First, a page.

The authors sequenced the genome of Newcastle disease viruses collected from mortality events in Pakistan using next-generation sequencing and detected H9N2 LPAIV. Swab samples were shipped to biosafety level 3–agriculture facilities at the Southeast Poultry Research Laboratory, Agricultural Research Service, United States Department of Agriculture as frozen samples following international shipping regulations. Sample collection date and regions are shown in Fig 1. A/chicken/ Pakistan/26A/2012(H9N2), A/chicken/Pakistan/10A/ 2015(H9N2), A/chicken/Pakistan/13A/2015(H9N2) and A/pigeon/Pakistan/25A/2015(H9N2) hereafter will be designated as 26A/2012, 10A/2015, 13A/2015 and 25A/ 2015, respectively. The 10A/2015 and 26A/2012 samples were collected from a broiler chicken farm. The 13A/2015 sample was collected from a layer farm. The 25A/2015 sample was collected from a four-month-old to a five-month-old pigeon that was purchased. These viruses were propagated in nine-day-old specific pathogen free (SPF) embryonating chicken eggs.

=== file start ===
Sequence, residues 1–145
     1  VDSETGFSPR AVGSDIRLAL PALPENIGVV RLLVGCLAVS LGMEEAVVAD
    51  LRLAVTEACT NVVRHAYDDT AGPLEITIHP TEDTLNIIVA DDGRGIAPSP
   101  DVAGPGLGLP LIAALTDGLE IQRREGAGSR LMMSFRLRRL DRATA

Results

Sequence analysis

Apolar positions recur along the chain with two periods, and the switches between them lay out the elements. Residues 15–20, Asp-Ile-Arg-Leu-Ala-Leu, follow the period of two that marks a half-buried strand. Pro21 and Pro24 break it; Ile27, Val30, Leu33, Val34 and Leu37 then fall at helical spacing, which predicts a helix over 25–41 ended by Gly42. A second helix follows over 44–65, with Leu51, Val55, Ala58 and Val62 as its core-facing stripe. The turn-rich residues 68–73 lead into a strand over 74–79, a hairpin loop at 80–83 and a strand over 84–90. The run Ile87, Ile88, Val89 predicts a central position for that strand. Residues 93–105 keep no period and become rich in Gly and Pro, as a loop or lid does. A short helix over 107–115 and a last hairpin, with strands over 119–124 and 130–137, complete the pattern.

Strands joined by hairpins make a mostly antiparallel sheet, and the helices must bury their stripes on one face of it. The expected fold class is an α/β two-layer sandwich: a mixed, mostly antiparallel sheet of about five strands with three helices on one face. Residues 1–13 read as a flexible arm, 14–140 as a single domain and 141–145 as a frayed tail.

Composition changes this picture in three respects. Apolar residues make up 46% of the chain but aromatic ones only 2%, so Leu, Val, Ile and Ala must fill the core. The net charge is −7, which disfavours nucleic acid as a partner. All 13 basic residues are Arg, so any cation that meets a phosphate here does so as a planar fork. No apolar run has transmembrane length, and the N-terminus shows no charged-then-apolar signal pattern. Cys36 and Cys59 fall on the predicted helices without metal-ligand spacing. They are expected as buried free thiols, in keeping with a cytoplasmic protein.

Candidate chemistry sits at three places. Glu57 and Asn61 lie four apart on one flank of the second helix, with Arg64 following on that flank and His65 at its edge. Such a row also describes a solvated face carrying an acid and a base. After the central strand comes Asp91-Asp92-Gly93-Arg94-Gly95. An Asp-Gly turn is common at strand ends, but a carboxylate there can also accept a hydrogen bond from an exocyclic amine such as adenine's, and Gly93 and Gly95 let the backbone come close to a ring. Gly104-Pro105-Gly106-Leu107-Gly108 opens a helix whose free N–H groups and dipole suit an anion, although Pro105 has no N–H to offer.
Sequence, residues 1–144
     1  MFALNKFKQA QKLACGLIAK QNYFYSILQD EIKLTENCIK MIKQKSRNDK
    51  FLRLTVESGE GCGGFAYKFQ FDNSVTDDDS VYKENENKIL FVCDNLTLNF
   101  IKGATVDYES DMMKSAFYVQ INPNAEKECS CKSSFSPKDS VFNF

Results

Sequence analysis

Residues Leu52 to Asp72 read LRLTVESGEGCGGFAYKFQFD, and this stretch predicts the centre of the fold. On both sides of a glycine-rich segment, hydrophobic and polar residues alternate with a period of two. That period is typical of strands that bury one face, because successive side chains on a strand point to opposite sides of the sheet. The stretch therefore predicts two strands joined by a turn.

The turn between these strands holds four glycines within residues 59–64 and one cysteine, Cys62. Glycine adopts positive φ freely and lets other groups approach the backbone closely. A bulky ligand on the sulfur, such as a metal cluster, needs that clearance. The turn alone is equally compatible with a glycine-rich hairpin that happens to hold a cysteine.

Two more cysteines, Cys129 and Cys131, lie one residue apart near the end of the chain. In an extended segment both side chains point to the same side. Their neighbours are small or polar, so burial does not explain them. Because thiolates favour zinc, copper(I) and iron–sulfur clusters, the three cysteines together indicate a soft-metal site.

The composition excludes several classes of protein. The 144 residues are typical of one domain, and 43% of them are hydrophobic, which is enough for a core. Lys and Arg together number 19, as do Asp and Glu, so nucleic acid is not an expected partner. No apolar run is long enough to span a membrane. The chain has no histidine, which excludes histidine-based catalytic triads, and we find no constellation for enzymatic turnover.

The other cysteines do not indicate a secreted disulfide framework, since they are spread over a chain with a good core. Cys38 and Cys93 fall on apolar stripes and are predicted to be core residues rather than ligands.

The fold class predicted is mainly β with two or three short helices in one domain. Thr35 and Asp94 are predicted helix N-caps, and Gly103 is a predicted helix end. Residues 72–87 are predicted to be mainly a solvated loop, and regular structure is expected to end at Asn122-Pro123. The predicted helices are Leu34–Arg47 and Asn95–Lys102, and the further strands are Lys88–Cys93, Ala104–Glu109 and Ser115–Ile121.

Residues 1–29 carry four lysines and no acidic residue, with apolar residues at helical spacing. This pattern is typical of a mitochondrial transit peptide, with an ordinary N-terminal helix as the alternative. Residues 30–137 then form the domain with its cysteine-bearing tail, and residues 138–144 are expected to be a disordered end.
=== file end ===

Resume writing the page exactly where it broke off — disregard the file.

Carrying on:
Viral RNA was extracted from the allantoic fluid, using the QIAamp RNA Viral Mini Kit (Qiagen, USA). Complementary DNA was synthesised by reverse transcription reaction using Invitrogen Moloney Murine Leukemia Virus Reverse Transcriptase kit (Thermo Scientific, USA). The paired-end sequencing libraries were generated using the Nextera XT DNA Sample Preparation Kit (Illumina, USA) according to the manufacturer’s instructions. Input DNA were fragmented and tagged with sequencing adapters by Nextera XT transposome. The tagmented DNA were amplified by a reduced 12-cycle PCR programme to add index sequences required for subsequent cluster formation. The DNA libraries concentrations were measured using a Qubit 2.0 Fluorometer and the size of the libraries were determined on Bioanalyzer 2100 (Agilent Technologies, Germany) using the Agilent High Sensitivity DNA Kit (Agilent Technologies, Germany). Whole-genome sequencing (500 cycles) was conducted using Miseq benchtop next-generation sequencer (Illumina, USA). After the sequencing run, de novo and directed assembly of genome sequences were carried out using the Geneious R8 programme. The deduced amino acid sequences of polymerase basic 2 (PB2), PB1, PB1-F2, polymerase acidic (PA), PA-X, haemagglutinin (HA), nucleocapsid (NP), neuraminidase (NA), matrix 1, matrix 2, non-structural 1 (NS1) and NS2 proteins were analysed using the Geneious R8 programme. Nucleotide sequences of four H9N2 LPAIVs have been deposited in GenBank under accession no. KU042891-KU042922.